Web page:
Delhi-NCR Gets New Common Pollution Codes
Updated on December 2, 2016
Taking a step towards curbing the rising of pollution to alarming levels, the Supreme Court has approved common pollution codes for Delhi and national capital region. These codes, similar to that in Beijing, will categorise the severity of pollution into four categories — moderate to poor, very poor, severe, very severe or emergency.
Some are debating what led to the crisis; others are thinking of ways to clear the smoke haze that has blanketed Delhi for a week now. The unprecedented rise in PM (particulate matter) 2.5 and PM 10 levels in Delhi — the tiny size of the particulate matter is the most lethal thing: the smaller the size, the greater the damage on human body — has led to the worst pollution-triggered weather in 17 years. Amid all this, new entrants have joined the league of the usual suspects that might have caused a crisis of epic proportions for the people of the National Capital Territory of Delhi in general, and the government in particular.
What looms large?
For a city that already has the notorious distinction of being the most polluted city in the world, Delhi is getting worse with the rising number of cars. The increased construction activity, too, is doing its fair share of damage. In fact, dust from construction sites is one of the big reasons for the rise in PM 2.5 levels. However, it all got worst after Delhi celebrated a "fiery" Diwali. But, wait before you blame the citizens for this tragedy. They say the crisis was escalated by crop burning by farmers of neighbouring states of Punjab and Haryana.
The System of Air Quality and Weather Forecasting and Research (SAFAR) says "a unique wind phenomenon that blew most of the smoke emanating from various parts of northern India towards New Delhi" is a key reason behind the dirt cover looming over the national capital. The winds are blowing against Delhiites this year, it seems.
Now, whatever the cause may be, the tragedy that is being compared to the Great Smog of London in 1952 that had killed 4,000 people is causing deadly scares. According to a report by The Times of India: "The real-time readings of respirable pollutants PM 2.5 and PM 10 breached the safe standards by over 17 times at many places. The hourly AQI (air quality index) of monitoring stations run by CPCB (the Central Pollution Control Board) and SAFAR remained 500 plus, which is beyond the maximum limit."
The "toxic cocktail can lead to more premature deaths in Delhi," Anumitra Roychowdhury of Centre for Science and Environment (CSE) told the Press Trust of India. According to CSE estimates, about 10,000 to 30,000 die in the national capital every year due to air pollution. This number will shoot up significantly if the present situation persists.
Ready to fight?
The situation has left the Delhi government announcing hasty measures. Declaring that "we never anticipated air pollution would reach such alarming levels", Delhi Chief Minister Arvind Kejriwal has spoken of emergency measures to clear the city skies.
- Schools have been closed for three days.
- The odd-even road space rationale will be back to ensure there are less cars on city roads.
- The CM has announced a five-day ban on all construction and demolition activities in the city. However, Delhi Lt Governor Najeeb Jung on November 15 lifted the ban "in view of loss of income to daily wage labourers".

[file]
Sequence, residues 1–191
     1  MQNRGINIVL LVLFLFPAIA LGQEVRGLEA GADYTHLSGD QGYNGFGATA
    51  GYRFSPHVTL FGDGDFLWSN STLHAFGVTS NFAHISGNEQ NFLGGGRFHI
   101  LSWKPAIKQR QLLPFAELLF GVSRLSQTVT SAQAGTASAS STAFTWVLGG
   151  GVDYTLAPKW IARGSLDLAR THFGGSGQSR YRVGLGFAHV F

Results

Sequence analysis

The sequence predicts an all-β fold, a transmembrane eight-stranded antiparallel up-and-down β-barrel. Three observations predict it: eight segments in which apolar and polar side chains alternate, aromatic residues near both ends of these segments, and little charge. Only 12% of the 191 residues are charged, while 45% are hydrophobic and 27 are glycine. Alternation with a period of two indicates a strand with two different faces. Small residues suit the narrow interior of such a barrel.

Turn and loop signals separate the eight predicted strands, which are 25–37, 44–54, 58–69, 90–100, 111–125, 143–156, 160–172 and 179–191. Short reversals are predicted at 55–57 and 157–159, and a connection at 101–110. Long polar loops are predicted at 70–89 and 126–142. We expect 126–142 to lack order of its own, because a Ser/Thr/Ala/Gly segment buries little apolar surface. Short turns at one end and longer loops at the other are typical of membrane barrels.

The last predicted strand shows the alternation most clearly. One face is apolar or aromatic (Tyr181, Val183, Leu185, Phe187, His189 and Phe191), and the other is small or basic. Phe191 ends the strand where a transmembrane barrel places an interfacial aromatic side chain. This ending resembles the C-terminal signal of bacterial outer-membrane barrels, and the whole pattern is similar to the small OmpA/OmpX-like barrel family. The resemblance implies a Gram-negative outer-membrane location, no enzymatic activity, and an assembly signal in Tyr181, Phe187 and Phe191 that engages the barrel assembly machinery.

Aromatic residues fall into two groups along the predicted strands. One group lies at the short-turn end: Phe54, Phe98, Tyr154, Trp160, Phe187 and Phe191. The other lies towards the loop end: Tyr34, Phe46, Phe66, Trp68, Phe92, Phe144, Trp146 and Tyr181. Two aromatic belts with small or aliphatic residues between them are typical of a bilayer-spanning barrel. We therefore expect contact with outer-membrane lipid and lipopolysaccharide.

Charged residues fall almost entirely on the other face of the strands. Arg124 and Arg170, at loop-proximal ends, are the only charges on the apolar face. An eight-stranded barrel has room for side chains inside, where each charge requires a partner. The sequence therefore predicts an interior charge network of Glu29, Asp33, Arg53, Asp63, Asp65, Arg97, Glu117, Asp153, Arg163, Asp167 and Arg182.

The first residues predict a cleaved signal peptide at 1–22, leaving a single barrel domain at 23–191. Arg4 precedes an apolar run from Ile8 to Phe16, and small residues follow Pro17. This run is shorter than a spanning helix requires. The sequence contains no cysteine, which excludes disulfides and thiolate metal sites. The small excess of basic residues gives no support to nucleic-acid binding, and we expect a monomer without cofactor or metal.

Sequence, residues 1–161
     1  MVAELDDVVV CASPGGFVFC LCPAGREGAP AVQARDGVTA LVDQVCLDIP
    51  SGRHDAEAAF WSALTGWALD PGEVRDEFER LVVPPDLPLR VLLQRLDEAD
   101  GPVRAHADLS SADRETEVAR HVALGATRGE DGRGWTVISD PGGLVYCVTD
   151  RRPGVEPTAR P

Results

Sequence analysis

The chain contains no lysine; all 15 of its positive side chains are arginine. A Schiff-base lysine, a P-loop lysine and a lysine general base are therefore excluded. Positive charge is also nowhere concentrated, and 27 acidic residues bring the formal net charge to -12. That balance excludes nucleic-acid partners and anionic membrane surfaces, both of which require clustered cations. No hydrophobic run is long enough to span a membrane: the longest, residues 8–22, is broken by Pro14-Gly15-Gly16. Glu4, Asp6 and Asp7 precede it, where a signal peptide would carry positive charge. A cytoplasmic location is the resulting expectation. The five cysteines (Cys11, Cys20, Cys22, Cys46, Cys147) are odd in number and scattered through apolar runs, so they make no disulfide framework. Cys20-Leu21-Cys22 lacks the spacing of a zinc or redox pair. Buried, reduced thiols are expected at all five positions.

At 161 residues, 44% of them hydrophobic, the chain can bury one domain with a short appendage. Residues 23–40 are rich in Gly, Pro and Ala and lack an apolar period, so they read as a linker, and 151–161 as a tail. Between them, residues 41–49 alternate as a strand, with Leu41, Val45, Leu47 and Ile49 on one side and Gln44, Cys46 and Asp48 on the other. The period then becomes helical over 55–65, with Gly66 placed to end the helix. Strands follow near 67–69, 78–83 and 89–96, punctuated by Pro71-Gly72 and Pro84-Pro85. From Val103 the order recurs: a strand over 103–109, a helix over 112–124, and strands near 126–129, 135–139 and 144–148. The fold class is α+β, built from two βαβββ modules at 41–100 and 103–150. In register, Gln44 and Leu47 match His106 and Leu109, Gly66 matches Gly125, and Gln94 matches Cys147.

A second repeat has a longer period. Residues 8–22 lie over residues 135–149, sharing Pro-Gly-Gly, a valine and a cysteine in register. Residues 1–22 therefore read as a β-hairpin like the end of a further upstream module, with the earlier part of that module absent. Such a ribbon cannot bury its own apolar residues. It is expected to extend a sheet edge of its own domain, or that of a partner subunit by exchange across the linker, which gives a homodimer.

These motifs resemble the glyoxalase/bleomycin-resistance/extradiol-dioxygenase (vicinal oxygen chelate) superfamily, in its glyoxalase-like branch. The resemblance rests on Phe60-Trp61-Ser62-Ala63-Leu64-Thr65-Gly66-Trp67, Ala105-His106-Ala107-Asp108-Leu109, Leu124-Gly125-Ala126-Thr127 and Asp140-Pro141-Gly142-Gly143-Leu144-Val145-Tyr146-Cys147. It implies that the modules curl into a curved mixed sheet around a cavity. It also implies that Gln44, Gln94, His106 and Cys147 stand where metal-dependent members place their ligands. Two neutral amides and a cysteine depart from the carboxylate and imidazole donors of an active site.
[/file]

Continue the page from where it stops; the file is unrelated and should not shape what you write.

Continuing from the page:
- The CM has directed the use bulldozers to put out fires that burn at landfill sites.
- The coal-fired Badarpur plant will be shut down for 10 days and fly ash, or the fine dust produced in coal-burning, will not be transported out of the plant during the period.
- Water sprinkling of all the roads will begin Monday, and vacuum cleaning from November 10.
- Diesel generators face a 10-day ban, except at hospitals and in emergency situations.
- Kejriwal wants the Centre's help to shower artificial rain through cloud seeding.
- The CM also wants people to work from home as much as they can, and has advised children and elderly to stay indoors.
Without finding any faults with the noble intentions of the Kejriwal government, one can clearly see most of these measures are aimed at curing; the focus towards prevention has yet to shift.
We the people
What are Delhiites doing to fight the air pollution that is making their eyes watery and mouths bitter?
According to a report by Press Trust of India, air masks are short in supply with the growing demand beating it twice. "The masks that are available at prices ranging from Rs 90 to up to Rs 2,200 are available in various designs and patterns. The starting range of masks includes the ones that are meant for one-time use while the high-priced ones are fitted with air filters and claim to be to stop over 99 per cent of the pollutants as well as bacteria and viruses from entering the user's nostrils," says the report.
A survey by the Associated Chambers of Commerce and Industry of India shows that in the past four days, the demand for air purifiers has also gone up 50 per cent in the National Capital Region.
What is lacking?
Buying masks and stopping construction activity will not address the crisis that is threatening to cause large-scale damages. As far as a dirty Delhi remains the government's concern, air pollutions levels might keep seeing new highs. We, as common people, need to act in the right direction. Sweet are the uses of adversity, great English poet and playwright William Shakespeare had said. If the poet was right, the smog looming over the city that has left Delhi breathless may act as a wake-up call.